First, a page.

πλὴν καὶ ὑμεῖς οἱ καθ᾽ ἕνα, ἕκαστος τὴν ἑαυτοῦ γυναῖκα οὕτως ἀγαπάτω ὡς ἑαυτόν, ἡ δὲ γυνὴ ἵνα φοβῆται τὸν ἄνδρα. Nevertheless, also, you each one, let each so love his own wife as himself, but the wife in order to fear the husband.
Paul now gives a short restatement of his exhortations to both the husbands and the wives. He begins with πλὴν. This word is functioning to break the current argument in order to give what is important. It is not contrasting what came before it. Therefore, we can simply translate it as “Now.” The next word, καὶ, is not functioning as a coordinating conjunction. Instead, it is simply marking additional content. In this way, Paul begins his summary statement with these words: “Now also, . . .” The next phrase is quite intriguing.
“. . . you each one, let each . . .” is a very rough translation of the Greek text. The location of the comma between ἕνα and ἕκαστος is confusing. Why does the article follow ὑμεῖς? What is κατά doing in the phrase (i.e., how is it functioning)? The phrase emphasizes the group, ὑμεῖς, “you,” by placing it first. The preposition, κατά, “each,” is functioning distributively here. We can therefore translate καθ᾽ ἕνα as “individually.” Furthermore, the article preceding κατά is not only referencing back to ὑμεῖς but it is also part of the distributive phrase, καθ᾽ ἕνα. We should take the article with the distributive phrase while realizing that it links the phrase as a reference to ὑμεῖς (literally, “. . . you, the ones individually, . . .”). But what do we make of ἕκαστος? There is normally an emphatic force with κατά + εἶς + ἕκαστος. However, this force comes only when we have matching cases. In this instance, we have an accusative, ἕνα, plus a nominative, ἕκαστος. These words cannot be understood together as an emphatic distributive phrase. Instead, they are separate. Paul starts with the group, transitions focus to the individual, and then instructs every individual. If we were to translate this phrase literally, it would be given this way: “. . . you, the ones individually, let each one . . .” But this translation is awkward. If we understand the phrase idiomatically with a special emphasis on the group, we can translate it with these words: “. . . let each one of you . . .” The subject of the text is in fact the group, but Paul is singling out every individual in that group all at once with the same instruction.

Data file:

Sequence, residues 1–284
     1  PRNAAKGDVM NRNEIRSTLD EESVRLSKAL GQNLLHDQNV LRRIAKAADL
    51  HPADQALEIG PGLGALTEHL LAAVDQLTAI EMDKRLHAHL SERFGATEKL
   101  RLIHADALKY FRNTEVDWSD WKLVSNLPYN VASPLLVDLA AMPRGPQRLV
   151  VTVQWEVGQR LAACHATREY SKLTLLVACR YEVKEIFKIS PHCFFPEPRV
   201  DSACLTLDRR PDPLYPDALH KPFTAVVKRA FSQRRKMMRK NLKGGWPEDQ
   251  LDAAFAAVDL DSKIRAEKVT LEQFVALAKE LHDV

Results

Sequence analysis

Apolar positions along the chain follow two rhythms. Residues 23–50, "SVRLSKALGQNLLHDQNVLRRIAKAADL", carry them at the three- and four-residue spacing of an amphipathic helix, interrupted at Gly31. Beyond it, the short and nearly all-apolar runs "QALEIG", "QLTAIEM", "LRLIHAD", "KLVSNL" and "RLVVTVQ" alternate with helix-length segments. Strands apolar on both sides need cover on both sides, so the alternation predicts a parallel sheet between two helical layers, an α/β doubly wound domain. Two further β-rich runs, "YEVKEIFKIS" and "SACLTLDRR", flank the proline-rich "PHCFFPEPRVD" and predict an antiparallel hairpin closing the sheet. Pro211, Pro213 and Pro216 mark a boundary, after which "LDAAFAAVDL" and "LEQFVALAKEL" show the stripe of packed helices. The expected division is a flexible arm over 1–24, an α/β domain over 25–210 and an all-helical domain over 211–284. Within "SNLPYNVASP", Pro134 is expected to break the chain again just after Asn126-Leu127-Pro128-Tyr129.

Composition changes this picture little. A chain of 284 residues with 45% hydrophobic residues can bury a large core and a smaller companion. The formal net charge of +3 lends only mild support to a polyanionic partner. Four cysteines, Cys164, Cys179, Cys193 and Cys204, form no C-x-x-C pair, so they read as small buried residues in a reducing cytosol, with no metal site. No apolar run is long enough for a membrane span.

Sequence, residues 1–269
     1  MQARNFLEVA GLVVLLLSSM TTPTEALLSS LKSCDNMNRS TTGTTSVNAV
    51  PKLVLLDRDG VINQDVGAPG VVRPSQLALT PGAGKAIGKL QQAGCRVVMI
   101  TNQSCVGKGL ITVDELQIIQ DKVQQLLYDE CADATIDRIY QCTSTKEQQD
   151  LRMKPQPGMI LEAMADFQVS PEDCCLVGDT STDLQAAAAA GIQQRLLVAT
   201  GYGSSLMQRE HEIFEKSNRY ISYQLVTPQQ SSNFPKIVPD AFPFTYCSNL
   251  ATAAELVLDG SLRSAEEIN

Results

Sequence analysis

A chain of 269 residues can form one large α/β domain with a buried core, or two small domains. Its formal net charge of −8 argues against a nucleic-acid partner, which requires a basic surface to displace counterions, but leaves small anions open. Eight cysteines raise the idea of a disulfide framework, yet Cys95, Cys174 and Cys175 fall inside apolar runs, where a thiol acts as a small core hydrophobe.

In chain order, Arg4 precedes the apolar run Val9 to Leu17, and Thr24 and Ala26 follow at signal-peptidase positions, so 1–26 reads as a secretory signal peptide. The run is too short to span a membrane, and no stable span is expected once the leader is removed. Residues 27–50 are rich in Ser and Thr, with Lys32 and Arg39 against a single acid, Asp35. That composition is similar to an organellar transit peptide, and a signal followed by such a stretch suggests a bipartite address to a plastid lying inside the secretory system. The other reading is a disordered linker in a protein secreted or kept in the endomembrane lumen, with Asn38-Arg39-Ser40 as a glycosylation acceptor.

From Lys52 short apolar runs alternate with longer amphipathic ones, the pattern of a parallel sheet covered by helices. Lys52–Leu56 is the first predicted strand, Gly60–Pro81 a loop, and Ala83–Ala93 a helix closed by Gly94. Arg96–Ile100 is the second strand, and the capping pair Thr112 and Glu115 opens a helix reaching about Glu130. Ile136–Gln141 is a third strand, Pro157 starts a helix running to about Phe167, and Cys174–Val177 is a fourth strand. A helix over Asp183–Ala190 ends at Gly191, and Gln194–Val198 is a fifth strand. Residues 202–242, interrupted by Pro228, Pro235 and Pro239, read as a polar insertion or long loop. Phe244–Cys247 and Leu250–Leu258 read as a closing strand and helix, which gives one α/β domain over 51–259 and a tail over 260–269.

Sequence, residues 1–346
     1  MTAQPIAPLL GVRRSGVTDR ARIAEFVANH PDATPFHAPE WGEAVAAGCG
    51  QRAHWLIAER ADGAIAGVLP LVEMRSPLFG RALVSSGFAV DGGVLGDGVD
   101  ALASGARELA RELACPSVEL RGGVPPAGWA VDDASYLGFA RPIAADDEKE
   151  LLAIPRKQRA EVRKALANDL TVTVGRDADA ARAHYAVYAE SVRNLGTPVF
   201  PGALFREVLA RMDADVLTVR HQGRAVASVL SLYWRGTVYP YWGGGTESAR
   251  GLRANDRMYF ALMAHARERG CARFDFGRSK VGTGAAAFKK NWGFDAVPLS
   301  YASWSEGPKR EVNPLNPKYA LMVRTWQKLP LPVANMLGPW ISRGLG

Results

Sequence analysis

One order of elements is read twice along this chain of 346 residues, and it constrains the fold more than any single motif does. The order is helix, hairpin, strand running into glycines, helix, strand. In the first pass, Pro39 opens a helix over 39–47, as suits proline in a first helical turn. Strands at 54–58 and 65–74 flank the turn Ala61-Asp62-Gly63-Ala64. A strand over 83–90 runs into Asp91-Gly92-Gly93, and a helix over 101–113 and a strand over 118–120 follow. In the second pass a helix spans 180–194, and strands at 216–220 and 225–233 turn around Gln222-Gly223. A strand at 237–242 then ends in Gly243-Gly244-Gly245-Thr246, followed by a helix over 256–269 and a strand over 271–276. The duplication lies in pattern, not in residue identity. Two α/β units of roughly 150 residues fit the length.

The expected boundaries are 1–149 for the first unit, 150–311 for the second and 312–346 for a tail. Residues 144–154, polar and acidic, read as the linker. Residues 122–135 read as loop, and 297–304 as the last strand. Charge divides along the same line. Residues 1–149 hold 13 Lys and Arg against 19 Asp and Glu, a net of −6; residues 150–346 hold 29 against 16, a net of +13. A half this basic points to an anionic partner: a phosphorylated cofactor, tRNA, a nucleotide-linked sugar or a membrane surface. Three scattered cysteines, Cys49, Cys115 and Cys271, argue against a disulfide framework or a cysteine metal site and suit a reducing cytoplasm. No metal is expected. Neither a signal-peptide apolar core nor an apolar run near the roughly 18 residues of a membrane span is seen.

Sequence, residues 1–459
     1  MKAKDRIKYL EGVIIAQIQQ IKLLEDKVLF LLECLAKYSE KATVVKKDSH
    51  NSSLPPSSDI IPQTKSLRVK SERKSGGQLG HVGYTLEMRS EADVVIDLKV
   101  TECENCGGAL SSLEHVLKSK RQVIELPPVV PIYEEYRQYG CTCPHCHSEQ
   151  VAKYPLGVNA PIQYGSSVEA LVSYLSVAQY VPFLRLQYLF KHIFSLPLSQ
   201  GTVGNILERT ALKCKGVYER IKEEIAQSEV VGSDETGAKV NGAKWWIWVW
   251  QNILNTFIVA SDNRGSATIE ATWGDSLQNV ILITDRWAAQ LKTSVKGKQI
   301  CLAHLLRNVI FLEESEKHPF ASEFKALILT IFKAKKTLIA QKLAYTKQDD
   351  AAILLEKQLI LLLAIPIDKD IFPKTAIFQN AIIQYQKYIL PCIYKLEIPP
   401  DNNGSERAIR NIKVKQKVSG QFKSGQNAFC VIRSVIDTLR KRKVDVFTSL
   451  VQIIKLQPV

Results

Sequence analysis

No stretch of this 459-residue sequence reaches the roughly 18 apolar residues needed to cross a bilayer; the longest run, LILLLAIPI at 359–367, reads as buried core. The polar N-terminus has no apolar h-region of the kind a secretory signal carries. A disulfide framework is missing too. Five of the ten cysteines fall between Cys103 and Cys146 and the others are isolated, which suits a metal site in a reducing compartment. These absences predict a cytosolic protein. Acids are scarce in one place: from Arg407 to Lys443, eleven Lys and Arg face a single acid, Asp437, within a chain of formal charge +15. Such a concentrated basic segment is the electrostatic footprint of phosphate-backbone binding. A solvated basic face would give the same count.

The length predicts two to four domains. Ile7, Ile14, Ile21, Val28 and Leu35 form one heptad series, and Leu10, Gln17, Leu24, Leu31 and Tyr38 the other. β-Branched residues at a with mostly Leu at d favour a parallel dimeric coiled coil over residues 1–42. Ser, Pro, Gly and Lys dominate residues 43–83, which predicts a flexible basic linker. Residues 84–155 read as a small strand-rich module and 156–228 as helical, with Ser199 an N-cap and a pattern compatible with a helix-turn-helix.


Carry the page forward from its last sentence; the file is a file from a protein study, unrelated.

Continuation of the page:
Paul instructs the husband to love his wife as himself. We have here a οὕτως . . . ὡς . . . construction. In what way will the husband love his wife? The answer is, “as himself.” It is understood that they all love themselves. Now they need to love their wives as themselves as well.
Paul then instructs the individual wife. Paul uses a ἵνα + subjunctive clause. This clause is not marking purpose, but instead, it is a subjunctive clause bearing the force of a command. Therefore, we should translate it, “. . . but let the wife fear the husband.” The article preceding ἄνδρα implies possession, so we can translate it as “her husband.” The wife is not to fear the husband in the sense that she fears for her life. Instead, this command bears the idea of reverence and respect, and it calls to mind the submission of Eph. 5:21. Wives are being commanded to respect their husbands, which implies voluntary submission.
Now also, let each one of you love his own wife as himself, but let the wife respect her husband.
Every husband has been instructed to love his own wife as himself. Wives have been instructed to respect their husbands. In truth, the act of the husband loving his wife and the wife respecting her husband is a prime example of the call for believers to submit to one another out of reverence for Christ. It is part of one’s Christian duty. We are to live in such a way that we please God with our actions. One of the things that is expected of us is mutual submission. We do this not because we owe it to each other, but because we want to serve and honor Christ. To submit to someone else is to serve Christ. Therefore, such submission bears a great responsibility. Husbands are called to love their wives as themselves. Leviticus 19:18 rings loud and clear, “You shall love your neighbor as yourself.” In the husband’s case, his wife is his neighbor. But the wife is to respect her husband. She actively chooses to place herself under her husband’s authority. This choice is done of her own accord, but out of service to Christ. We need to realize that the way we live and interact with each other has a significant place in our relationship to God and with Christ. We should put our actions to the test, making sure that all that we do is pleasing to God, even in our own marriages.